How consistant is the placebo effect for an individual? Can you select against placebo? Is it possible to produce an experimental group that is inherantly less succeptable to the placebo effect?

    In other words, is it possible to run a subject group through a series of placebos and filter out those that show a response such that you are left with a group that is significantly less likely to show a placebo effect, or is the underlying psychology too complex since the placebo effect in due in part to the individual’s opinion of the individual therapy being tested?

  9. […] – The Guardian and the Telegraph have done better jobs with their headlines UPDATES (23rd Jan) – Further discussion by Steven Novella where he touches some of the ethical issues and the non-specific effects of acupuncture: It is […]

  10. daedalus2uon 23 Jan 2009 at 1:34 pm

    Karl, I have a blog post on what I think is the physiology behind the placebo effect. I see it as the normal allocation of ATP and other resources by physiology. When you are under stress, in a “fight or flight” state, healing has a lower priority than maintaining an available supply of ATP to your muscles. Healing gets turned off so that the ATP that healing would consume can be used for something more important, such as running from a bear.


    Of course physiology is very complicated, and there are a zillion pathways that consume ATP, and physiology allocates ATP among those zillions of pathways. How does physiology do that? Very well; astonishingly well; so well that people have posited a mythical principle (homeostasis) that maintains ATP levels constant. There is no such principle as homeostasis, but some myths are difficult to displace.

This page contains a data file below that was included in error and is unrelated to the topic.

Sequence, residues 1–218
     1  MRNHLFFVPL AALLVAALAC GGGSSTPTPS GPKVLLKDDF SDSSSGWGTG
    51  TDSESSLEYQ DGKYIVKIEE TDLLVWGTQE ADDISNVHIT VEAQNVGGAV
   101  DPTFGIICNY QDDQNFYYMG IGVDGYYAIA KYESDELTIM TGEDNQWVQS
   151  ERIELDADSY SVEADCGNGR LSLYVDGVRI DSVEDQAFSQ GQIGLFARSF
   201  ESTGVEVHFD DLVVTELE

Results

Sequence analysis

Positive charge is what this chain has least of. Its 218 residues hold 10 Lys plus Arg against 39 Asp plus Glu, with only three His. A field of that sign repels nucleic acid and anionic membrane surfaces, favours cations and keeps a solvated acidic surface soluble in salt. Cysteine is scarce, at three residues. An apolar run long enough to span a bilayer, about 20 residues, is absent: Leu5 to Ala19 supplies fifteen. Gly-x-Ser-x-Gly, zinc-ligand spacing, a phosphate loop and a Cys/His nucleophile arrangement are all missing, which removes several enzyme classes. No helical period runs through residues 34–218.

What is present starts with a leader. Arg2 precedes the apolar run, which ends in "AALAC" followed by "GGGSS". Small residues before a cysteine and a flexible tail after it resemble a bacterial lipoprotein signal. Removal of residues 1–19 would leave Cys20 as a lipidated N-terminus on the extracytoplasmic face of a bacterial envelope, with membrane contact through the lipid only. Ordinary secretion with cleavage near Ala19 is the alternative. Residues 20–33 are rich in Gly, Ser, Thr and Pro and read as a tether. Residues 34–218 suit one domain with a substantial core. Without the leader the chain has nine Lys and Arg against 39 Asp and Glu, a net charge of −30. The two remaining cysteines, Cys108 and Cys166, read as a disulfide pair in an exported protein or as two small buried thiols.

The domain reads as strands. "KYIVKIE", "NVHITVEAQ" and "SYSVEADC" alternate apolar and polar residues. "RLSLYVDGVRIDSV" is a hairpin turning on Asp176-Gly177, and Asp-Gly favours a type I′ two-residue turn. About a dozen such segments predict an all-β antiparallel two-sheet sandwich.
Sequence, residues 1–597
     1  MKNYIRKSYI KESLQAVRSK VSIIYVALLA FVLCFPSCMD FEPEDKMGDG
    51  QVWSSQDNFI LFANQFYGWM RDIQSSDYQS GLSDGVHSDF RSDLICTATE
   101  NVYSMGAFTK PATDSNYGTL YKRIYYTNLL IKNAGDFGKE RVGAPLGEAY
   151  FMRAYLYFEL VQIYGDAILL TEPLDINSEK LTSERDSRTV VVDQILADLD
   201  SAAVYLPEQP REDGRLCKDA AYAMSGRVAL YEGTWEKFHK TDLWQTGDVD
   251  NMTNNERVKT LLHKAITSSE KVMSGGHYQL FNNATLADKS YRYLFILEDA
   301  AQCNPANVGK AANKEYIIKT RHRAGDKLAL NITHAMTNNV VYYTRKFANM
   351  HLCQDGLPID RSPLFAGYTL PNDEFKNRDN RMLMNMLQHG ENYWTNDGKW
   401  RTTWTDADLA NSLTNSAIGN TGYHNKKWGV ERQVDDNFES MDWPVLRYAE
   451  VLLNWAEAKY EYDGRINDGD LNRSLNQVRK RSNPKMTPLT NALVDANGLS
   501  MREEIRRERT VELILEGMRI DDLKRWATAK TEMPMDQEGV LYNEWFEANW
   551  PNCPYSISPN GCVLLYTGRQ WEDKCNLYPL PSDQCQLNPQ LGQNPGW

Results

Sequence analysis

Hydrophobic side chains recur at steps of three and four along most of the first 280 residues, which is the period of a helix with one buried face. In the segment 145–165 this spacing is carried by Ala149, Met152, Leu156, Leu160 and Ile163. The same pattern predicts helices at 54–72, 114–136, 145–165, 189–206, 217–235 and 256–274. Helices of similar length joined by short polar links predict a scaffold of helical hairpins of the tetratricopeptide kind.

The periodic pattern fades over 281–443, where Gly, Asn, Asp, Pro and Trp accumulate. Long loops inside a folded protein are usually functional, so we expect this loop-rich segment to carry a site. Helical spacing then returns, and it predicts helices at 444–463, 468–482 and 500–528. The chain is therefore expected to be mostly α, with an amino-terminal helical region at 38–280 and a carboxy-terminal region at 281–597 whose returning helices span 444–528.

Under my hypothesis of the placebo effect (which is not uniquely mine), once physiology has fully allocated ATP and other resources to healing, there is nothing more that any placebo can do.

    Healing is a very complex process; far more complex than we have the ability to regulate artificially. The only way we are going to improve healing is by invoking the normal healing pathways and facilitating their proper function.

  11. DevilsAdvocateon 23 Jan 2009 at 3:06 pm

    Though a licensed clinician in one field, I’m a layman in the medical issues typically addressed here, and this post is precisely why I read this blog. Thanks so very much for the basic info on migraines.

  12. Steven Novellaon 23 Jan 2009 at 3:43 pm

    Karl – that is an interesting question. The pharmaceutical industry is very interested in doing just that – screening out placebo responders. They argue that the placebo effect dilutes out the effect of the drug, making it harder to detect and requiring larger studies with more patients.

    The scientific community has not bought this argument, though. It seems suspiciously like an attempt to rig the numbers. However, if it were done properly – subjects would be screened for being a placebo responder, then re-randomized to either treatment or placebo, it could make sense.

    All the consequences of this have to be sorted out, though. Would this really be selecting for people who are more likely to tell if they are on placebo vs drug, therefore making blinding more difficult? I don’t know. The statisticians have to sort all this out before we change the process of RCTs.

  13. Watcheron 23 Jan 2009 at 3:50 pm

    [quote] That all sounds good, but my dental hygienist’s brother’s old roommate gets acupuncture for his migraines, and he says it totally works. [/quote]

    Wow, I hope your kidding when you type that …